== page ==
These days, former presidents tend to keep their noses out of the business of the current president, but that wasn’t always the case. When Abraham Lincoln became a candidate for the White House, the five living ex-presidents opposed his candidacy for various reasons (for those keeping count: Van Buren, Tyler, Fillmore, Pierce, and Buchanan). Once Lincoln was elected, they all second-guessed him in various ways and with various degrees of publicity and effectiveness.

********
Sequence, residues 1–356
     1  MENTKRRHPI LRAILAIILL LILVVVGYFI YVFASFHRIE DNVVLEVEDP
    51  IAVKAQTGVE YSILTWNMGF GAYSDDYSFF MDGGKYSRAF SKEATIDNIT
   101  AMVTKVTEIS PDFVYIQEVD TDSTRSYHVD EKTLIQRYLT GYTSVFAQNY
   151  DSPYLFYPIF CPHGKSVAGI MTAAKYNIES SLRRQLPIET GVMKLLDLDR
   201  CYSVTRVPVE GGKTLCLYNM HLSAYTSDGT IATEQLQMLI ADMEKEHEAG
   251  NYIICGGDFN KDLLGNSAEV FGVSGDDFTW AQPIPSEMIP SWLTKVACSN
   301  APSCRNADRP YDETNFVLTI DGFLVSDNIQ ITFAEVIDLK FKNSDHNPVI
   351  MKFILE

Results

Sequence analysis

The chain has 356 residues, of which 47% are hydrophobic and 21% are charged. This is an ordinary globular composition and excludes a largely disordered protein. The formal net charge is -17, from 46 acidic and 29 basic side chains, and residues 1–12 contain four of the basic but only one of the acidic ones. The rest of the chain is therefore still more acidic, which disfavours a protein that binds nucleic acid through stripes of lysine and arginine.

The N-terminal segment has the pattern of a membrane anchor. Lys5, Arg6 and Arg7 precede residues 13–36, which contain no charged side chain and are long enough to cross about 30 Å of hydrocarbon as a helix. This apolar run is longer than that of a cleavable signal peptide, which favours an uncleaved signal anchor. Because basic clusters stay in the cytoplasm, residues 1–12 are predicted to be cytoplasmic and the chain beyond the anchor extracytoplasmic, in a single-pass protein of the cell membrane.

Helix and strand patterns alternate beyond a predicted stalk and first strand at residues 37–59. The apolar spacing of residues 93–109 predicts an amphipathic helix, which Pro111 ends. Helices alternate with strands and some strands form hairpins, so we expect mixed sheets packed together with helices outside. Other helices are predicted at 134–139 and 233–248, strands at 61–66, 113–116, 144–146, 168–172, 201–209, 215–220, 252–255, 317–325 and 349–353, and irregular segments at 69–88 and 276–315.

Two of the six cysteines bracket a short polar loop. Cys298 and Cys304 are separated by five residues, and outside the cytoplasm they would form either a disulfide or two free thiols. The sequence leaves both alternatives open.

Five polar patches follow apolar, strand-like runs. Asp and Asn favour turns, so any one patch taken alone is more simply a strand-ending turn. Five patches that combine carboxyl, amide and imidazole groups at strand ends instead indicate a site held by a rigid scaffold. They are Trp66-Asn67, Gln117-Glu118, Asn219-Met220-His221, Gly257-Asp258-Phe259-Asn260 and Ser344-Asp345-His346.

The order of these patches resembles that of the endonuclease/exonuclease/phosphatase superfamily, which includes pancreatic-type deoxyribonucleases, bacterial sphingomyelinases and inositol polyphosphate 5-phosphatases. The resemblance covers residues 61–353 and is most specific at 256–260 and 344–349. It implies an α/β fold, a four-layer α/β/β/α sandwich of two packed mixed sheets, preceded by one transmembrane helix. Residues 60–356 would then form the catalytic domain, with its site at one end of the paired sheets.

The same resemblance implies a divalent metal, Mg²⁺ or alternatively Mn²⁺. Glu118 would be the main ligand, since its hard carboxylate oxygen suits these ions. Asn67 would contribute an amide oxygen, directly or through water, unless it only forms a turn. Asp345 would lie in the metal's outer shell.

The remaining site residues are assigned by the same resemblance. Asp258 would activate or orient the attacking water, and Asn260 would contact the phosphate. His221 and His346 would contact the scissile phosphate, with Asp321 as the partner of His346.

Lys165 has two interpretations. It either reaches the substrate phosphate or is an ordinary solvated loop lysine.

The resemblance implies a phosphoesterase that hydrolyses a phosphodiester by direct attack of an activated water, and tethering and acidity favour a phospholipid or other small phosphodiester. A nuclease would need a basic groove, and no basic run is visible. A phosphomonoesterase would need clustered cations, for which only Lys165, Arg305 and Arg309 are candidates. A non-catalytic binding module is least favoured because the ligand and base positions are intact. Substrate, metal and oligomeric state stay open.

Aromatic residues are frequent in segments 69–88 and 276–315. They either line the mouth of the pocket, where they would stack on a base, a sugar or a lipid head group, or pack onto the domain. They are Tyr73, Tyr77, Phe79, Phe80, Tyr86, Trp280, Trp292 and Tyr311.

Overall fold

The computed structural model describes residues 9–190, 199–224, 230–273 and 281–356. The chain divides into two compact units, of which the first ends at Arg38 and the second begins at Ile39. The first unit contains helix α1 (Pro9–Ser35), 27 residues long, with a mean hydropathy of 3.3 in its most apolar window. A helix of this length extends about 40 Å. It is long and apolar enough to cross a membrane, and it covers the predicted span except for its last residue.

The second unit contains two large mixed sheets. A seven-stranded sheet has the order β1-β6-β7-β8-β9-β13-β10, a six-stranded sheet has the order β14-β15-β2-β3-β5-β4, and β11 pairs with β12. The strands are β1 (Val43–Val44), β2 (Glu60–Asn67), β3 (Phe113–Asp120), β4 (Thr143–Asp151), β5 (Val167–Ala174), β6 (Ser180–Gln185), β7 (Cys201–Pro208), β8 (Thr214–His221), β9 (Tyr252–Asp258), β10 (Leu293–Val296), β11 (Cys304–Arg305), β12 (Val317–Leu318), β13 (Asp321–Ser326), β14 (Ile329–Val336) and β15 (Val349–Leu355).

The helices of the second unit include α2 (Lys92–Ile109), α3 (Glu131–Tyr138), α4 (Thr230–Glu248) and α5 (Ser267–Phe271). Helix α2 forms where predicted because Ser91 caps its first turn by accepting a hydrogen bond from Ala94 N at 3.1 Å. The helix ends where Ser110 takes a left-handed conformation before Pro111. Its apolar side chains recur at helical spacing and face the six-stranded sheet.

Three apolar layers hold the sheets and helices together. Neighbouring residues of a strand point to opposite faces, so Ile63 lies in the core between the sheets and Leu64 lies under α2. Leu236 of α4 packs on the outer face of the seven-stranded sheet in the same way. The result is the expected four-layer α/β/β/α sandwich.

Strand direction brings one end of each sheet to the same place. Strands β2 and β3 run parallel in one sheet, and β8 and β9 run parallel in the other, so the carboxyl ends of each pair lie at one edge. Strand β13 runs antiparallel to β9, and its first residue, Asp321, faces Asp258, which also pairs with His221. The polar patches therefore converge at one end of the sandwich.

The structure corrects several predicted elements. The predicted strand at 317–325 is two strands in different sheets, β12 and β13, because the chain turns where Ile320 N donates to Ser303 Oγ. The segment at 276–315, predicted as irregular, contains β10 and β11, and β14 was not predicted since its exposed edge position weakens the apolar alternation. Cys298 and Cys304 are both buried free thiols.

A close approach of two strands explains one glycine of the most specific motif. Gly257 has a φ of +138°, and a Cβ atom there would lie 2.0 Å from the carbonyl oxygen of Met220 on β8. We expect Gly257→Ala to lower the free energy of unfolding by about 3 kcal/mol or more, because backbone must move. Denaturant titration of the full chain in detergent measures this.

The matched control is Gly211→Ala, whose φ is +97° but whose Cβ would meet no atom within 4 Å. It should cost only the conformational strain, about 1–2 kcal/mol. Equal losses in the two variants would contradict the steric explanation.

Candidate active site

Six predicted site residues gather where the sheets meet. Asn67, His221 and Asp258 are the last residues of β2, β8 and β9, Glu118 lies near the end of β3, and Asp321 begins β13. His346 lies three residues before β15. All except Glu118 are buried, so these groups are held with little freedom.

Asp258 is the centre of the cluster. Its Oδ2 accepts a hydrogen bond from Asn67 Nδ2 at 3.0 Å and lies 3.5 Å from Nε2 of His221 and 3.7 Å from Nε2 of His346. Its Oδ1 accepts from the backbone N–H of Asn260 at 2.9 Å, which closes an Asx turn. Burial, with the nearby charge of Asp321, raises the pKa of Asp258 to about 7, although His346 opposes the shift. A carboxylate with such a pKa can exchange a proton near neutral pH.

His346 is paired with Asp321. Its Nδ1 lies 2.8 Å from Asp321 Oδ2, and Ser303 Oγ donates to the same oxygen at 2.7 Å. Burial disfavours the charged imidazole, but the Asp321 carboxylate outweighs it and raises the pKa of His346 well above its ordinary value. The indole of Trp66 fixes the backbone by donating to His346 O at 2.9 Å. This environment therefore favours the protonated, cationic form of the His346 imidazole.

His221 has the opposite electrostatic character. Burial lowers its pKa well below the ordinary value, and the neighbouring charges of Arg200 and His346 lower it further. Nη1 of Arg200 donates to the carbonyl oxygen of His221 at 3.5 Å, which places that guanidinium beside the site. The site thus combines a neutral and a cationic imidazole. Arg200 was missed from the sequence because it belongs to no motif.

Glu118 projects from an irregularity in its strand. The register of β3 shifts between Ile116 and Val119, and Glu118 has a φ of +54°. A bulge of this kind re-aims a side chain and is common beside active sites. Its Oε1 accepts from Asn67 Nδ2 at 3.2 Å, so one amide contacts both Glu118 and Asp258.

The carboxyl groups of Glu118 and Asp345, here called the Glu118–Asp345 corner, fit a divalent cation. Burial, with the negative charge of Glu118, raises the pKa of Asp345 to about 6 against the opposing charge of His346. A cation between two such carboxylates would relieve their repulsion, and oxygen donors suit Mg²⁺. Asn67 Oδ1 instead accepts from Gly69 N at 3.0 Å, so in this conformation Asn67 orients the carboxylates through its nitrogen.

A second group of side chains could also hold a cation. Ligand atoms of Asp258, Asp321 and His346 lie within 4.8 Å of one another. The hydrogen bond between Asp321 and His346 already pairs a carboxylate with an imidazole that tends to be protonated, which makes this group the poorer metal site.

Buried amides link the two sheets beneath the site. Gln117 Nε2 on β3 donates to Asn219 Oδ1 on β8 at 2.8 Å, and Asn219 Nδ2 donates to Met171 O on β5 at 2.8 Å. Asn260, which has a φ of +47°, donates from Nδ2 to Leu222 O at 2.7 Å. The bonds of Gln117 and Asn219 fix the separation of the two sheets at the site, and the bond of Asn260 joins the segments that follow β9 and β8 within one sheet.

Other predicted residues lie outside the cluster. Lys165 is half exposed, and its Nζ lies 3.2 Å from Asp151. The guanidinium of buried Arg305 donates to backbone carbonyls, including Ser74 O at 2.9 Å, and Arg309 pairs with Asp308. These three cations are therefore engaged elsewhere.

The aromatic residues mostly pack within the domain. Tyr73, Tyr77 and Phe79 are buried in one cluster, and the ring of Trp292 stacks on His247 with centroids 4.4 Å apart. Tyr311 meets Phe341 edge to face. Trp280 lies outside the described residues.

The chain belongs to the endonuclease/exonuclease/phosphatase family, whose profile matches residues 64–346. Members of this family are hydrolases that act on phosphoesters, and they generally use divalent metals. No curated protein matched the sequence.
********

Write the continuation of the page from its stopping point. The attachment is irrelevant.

Former president Millard Fillmore probably sums it up best: “Unsolicited advice is often deemed officious if not offensive, and therefore is quite likely to do harm as good.”
I don’t typically repost links here (although we do more of that on our Facebook page, so you should be following us there if you’re not!). However, DeRose published a feature in The Washington Post that summarizes his book. It’s definitely worth checking out.
(As a related aside: Van Buren died during the war, while the outcome was still very much in doubt. As it happened, I spent a little time with “Old Kinderhook” exploring that story on the sesquicentennial of his death. You can check out that story here.)